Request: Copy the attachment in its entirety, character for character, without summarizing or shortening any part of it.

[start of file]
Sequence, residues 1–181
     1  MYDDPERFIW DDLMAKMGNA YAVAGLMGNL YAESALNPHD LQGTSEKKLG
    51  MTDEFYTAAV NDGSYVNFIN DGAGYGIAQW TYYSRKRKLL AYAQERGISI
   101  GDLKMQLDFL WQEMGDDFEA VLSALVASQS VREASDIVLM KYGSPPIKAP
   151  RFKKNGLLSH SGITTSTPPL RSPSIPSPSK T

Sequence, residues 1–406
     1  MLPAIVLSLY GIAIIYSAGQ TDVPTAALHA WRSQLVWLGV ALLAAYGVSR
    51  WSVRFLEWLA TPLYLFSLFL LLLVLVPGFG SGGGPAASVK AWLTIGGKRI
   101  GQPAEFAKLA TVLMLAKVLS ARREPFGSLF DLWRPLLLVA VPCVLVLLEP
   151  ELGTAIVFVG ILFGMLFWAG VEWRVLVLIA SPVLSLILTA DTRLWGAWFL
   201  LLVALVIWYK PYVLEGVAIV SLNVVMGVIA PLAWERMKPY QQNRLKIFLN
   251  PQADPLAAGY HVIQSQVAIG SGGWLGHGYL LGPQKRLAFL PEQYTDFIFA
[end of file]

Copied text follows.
Sequence, residues 1–181
     1  MYDDPERFIW DDLMAKMGNA YAVAGLMGNL YAESALNPHD LQGTSEKKLG
    51  MTDEFYTAAV NDGSYVNFIN DGAGYGIAQW TYYSRKRKLL AYAQERGISI
   101  GDLKMQLDFL WQEMGDDFEA VLSALVASQS VREASDIVLM KYGSPPIKAP
   151  RFKKNGLLSH SGITTSTPPL RSPSIPSPSK T

Sequence, residues 1–406
     1  MLPAIVLSLY GIAIIYSAGQ TDVPTAALHA WRSQLVWLGV ALLAAYGVSR
    51  WSVRFLEWLA TPLYLFSLFL LLLVLVPGFG SGGGPAASVK AWLTIGGKRI
   101  GQPAEFAKLA TVLMLAKVLS ARREPFGSLF DLWRPLLLVA VPCVLVLLEP
   151  ELGTAIVFVG ILFGMLFWAG VEWRVLVLIA SPVLSLILTA DTRLWGAWFL
   201  LLVALVIWYK PYVLEGVAIV SLNVVMGVIA PLAWERMKPY QQNRLKIFLN
   251  PQADPLAAGY HVIQSQVAIG SGGWLGHGYL LGPQKRLAFL PEQYTDFIFA